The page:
President-elect Clinton's Little Rock economic summit was a stroke of genius.
By pulling together businessmen hoping for subsidies and protection from competition, interest groups that live off the federal budget, and diehard Keynesians who want more federal spending, Clinton gave the taxpayers a good look at the array of self-serving arguments that are used to mount raids on their pocketbooks.As the New York Times reported, "not only was there not a supply-sider in the lot, there was not even one advocating the basic Republican precept of low taxes and small government."
And The Washington Post noted that virtually no one at the summit promoted Clinton's campaign promise of a tax cut for the middle class.
Into this assemblage Clinton tossed barbed questions and pointed comments.
He responded to Princeton economist Alan Blinder's pitch for federal job training programs by noting that employers don't complain about an absence of already qualified employees. Do the employers not know what they are talking about, Clinton asked, or has the professor designed a solution to a nonproblem? Blinder, who thought he was preaching to the choir, was taken aback.
Similarly, Clinton threw cold water all over Yale economist James Tobin's and MIT economist Robert Solow's recommendations that the government spend more to enlarge the deficit in order to provide fiscal stimulus.
"We're all talking about the stimulus package," Clinton said, "as if the whole future of the republic depended on it. The stimulus is peanuts compared to increasing bank loans."
Clinton then added, "I've just been sitting here all day thinking about this." And he wanted to know why we should run the deficit up when we can get an $86 billion injection of bank credit at no cost to the budget just by curtailing overzealous bank regulators.
Clinton would really have KO'd the big government Keynesians if he had followed up by asking why they thought deficits were so awful when the fiscal stimulus came in the form of tax cuts, but were happy for the deficit to increase by another 1 percent of GDP as long as the mechanism was higher government spending.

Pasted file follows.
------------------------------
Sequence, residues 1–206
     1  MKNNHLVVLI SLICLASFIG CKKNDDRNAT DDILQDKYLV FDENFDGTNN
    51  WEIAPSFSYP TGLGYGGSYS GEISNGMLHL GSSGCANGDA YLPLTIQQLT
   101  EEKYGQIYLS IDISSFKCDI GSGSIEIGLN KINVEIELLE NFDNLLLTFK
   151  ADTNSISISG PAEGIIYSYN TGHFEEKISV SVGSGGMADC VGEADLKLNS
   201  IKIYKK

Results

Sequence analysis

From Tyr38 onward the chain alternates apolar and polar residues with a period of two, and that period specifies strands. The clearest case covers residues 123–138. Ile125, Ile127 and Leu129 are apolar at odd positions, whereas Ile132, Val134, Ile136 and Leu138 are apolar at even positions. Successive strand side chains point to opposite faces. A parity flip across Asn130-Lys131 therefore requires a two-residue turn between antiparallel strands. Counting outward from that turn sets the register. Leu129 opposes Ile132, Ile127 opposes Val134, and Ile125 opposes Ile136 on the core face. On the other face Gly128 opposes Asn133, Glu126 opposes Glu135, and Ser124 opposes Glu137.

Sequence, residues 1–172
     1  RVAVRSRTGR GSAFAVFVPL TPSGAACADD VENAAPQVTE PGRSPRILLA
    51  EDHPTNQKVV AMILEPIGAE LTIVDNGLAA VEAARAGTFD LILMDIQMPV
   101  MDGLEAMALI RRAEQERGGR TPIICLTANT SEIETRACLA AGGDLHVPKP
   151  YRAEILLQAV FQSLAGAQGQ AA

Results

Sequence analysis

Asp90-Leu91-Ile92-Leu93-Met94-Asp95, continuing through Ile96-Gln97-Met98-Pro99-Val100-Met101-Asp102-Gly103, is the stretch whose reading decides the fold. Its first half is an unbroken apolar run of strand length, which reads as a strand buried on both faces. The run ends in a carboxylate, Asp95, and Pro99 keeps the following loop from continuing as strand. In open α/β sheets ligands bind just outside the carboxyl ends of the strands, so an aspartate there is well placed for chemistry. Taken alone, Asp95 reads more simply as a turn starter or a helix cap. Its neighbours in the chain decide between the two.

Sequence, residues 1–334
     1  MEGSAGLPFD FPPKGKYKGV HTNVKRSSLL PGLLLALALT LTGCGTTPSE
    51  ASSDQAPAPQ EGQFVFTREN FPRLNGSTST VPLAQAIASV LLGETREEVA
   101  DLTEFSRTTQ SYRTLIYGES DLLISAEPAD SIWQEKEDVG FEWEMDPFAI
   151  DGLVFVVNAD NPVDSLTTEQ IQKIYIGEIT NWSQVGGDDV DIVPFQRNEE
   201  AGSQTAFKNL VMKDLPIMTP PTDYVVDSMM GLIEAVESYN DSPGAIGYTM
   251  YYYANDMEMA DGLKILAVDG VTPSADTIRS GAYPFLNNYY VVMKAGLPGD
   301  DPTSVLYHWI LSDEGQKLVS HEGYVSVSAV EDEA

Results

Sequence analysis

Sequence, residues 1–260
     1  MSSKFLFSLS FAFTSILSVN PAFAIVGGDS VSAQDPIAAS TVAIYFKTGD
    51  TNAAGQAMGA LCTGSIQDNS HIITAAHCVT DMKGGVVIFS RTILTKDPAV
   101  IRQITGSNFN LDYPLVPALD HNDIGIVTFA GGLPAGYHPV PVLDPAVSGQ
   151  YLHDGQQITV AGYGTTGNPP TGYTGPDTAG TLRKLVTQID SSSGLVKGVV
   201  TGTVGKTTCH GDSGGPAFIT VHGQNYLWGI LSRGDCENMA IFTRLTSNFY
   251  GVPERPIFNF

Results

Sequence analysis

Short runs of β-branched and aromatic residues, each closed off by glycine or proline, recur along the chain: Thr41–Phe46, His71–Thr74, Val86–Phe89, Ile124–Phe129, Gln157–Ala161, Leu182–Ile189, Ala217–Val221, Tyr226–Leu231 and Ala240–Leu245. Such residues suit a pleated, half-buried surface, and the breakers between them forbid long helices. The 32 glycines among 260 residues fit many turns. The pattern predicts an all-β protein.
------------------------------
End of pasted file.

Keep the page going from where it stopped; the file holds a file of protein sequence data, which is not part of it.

Once Clinton understood that reducing government intervention could boost the economy more at no deficit cost than the ballyhooed fiscal stimulus, he began backing away: "If you define stimulus as meaning am I going to deliberately increase the deficit in this budget year, the answer to that is I haven't made up my mind yet."
That's a big change from what he was saying during the presidential campaign.
If Clinton keeps his eyes and ears open, he will quickly figure out that the doom and gloom about the economy is nothing but special interests pleading for more money. He already has caught on to the insincerity of economists who now want to run up the budget deficit after having blamed every conceivable ill on the Reagan deficit.
Clinton's astuteness offers hope as long as his main goal is to be a successful president.
Eighteen million new jobs were created in the 1980s by reducing the cost of capital and by curtailing the regulatory explosion. The spending programs that the special interests want will only stimulate the growth of government.
By showing their true colors in Little Rock, the special interests have allowed Clinton to back from an economic stimulus.
If the summit left the public wiser, too, Clinton will have the support to resist the special interests that rule Washington.